Interviewed January 2012
Head chef for over a decade at Michelin-starred Chapter One in Farnborough
Q – How long have you been cooking professionally?
I started in 1989 in a small restaurant just outside Bray, called ‘The Warrener’ restaurant - sadly no longer around.
Q – Where did you train to cook?
My training as such was with Nico, starting at ‘Simply Nico’ and going onto ‘Chez Nico’ on Great Portland street. Then I worked at ‘Nico at Ninety’ on Park Lane. I went on from there to ‘The Ritz’ under David Nicholls.
Q – How would you describe your style of cooking?
I always struggle to answer this question... I would like to think it was real and wholesome with great depth of flavours, which showcase the ingredients that have been carefully sourced from field to fork.
Q – Is there a secret for a successful restaurant?
I don’t know if there is a secret, but at Chapter One we are constantly looking at ways to improve the experience for our diners. I believe we should be accessible to all. Pricing is very important to us and we are relentless in keeping our prices as reasonable as possible.
Q – Do you have a “signature dish” or favourite dish you enjoy cooking?
Dishes constantly change and evolve. However at the moment I would say Jugged Hare. It has a traditional method of cooking with long slow braising after it has been marinated and is served in a modern, refined way. Very popular with our customers!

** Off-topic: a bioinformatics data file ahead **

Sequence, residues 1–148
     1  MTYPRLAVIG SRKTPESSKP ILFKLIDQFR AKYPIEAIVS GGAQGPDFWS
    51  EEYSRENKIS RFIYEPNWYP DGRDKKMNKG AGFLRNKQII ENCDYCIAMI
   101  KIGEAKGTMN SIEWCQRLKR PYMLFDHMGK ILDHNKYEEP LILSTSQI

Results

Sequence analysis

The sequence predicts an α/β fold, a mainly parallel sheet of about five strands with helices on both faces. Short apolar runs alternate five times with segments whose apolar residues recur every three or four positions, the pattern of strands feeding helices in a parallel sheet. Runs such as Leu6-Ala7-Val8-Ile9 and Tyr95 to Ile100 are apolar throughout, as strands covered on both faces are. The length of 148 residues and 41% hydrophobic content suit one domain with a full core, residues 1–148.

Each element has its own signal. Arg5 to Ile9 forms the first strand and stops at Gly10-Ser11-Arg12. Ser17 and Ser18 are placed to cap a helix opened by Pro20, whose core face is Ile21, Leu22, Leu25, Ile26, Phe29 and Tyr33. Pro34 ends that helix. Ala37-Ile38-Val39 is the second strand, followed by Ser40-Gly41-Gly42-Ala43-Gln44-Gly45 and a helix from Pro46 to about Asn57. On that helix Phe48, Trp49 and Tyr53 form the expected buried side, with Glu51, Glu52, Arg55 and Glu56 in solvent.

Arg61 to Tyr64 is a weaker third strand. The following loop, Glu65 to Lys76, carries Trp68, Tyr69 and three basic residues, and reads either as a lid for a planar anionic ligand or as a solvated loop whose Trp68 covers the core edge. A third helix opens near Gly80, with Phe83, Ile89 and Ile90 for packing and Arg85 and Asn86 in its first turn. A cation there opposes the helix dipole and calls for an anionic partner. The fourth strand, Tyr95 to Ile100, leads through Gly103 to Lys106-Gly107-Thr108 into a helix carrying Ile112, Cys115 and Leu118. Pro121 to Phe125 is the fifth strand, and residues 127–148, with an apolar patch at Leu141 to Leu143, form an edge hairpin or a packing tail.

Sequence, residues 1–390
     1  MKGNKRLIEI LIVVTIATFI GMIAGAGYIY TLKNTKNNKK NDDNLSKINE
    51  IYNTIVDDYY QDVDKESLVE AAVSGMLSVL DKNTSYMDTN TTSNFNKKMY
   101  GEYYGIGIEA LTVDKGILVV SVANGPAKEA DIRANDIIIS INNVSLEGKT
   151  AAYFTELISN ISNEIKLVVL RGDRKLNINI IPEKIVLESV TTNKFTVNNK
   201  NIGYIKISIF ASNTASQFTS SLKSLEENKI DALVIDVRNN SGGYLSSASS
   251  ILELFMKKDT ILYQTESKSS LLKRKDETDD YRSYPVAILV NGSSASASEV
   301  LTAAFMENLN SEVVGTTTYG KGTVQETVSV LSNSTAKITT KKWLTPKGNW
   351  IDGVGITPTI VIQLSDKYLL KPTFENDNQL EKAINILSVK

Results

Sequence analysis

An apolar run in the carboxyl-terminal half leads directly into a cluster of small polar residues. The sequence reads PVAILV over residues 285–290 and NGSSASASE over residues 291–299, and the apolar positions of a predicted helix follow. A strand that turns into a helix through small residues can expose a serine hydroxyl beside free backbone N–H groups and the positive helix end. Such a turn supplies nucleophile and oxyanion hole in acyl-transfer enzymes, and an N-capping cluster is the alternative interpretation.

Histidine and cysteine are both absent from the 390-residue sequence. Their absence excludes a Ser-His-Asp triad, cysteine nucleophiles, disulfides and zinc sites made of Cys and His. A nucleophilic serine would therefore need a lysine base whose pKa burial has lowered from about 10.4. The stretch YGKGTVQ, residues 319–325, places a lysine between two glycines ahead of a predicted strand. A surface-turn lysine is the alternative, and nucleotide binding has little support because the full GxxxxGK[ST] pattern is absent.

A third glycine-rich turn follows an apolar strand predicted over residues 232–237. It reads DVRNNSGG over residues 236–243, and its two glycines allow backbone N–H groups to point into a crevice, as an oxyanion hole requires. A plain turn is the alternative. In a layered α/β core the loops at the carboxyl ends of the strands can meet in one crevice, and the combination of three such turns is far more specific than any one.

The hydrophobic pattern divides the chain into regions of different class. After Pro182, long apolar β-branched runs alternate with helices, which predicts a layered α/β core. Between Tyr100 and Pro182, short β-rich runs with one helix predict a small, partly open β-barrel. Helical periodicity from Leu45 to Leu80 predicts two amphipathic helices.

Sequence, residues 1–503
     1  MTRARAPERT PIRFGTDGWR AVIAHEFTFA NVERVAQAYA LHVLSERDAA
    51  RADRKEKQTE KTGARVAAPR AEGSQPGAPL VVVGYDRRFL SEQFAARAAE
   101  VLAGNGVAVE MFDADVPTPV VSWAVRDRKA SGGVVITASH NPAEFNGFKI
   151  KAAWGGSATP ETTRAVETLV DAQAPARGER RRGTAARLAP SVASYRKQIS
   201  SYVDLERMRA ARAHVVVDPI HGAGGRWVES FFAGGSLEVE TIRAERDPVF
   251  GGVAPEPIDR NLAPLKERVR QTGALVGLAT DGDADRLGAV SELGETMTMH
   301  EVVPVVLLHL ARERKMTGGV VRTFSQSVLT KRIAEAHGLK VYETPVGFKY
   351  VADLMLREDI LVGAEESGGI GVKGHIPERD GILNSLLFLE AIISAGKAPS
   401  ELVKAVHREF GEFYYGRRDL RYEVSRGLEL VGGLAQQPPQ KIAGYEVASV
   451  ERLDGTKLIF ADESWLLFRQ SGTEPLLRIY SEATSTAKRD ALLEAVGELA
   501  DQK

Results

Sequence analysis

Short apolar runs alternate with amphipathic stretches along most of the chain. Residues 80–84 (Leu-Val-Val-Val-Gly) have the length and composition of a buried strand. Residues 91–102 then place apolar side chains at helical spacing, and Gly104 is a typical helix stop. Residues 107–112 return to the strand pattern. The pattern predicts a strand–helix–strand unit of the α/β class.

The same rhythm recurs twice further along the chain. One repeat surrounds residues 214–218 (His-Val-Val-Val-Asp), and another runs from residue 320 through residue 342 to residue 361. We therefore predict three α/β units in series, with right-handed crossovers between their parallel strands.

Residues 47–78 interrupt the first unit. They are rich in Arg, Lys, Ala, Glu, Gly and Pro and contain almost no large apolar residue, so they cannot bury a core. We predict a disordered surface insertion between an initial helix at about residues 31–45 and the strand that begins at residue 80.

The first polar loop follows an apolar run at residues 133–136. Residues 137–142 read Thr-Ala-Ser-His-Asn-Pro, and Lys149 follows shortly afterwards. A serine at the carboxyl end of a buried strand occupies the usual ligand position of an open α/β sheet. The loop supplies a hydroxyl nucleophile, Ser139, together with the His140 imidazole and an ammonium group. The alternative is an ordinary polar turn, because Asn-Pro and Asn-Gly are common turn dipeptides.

Q – Do you have a favourite ingredient?
I love to cook Grouse – it’s everything in one. It is the beginning of the game season. The aroma whilst cooking it is amazing and the taste is unbelievably good - like nothing else!
Which restaurant do you most enjoy eating at on your night off?
Although I don’t go as frequently as I would like, Chez Bruce never fails. Bruce’s cooking is simple, spot on with flavours and the restaurant also has a great local atmosphere.
What is your most interesting or fun experience from your time in restaurants?
Working with professionals, watching staff improve, enjoying the buzz of the service in the kitchen and feeling the atmosphere of a busy restaurant is always a great experience for me.
What would be your “last request” dish?
A plate of great French cheese, a bottle of red wine with some fresh, rustic bread.
Is there another chef that you most admire?
Eric Chavot, Phil Howard.
Any advice you would give to someone wanting to become a chef?
Be prepared that it will be very hard work. Understand your ingredients and their simplicity. Never lose sight of what good food is and remember you need to cook for your customers.
Any final thoughts you’d like to add?
On the one hand I am feeling the need to expand. On the other hand there is so much more we can do with what we already have.